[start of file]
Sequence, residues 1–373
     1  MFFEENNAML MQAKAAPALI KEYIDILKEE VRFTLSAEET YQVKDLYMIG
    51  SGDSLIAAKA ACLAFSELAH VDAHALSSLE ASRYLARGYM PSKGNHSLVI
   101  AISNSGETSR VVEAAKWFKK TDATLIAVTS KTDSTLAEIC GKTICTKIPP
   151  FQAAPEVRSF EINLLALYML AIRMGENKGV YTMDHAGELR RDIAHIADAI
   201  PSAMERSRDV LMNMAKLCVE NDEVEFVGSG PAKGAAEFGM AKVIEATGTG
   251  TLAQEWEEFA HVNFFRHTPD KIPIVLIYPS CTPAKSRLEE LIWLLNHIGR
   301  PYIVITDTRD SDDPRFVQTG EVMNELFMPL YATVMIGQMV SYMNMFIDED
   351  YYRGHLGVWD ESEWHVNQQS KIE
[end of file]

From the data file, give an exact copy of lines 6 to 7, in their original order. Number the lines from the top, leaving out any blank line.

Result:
   201  PSAMERSRDV LMNMAKLCVE NDEVEFVGSG PAKGAAEFGM AKVIEATGTG
   251  TLAQEWEEFA HVNFFRHTPD KIPIVLIYPS CTPAKSRLEE LIWLLNHIGR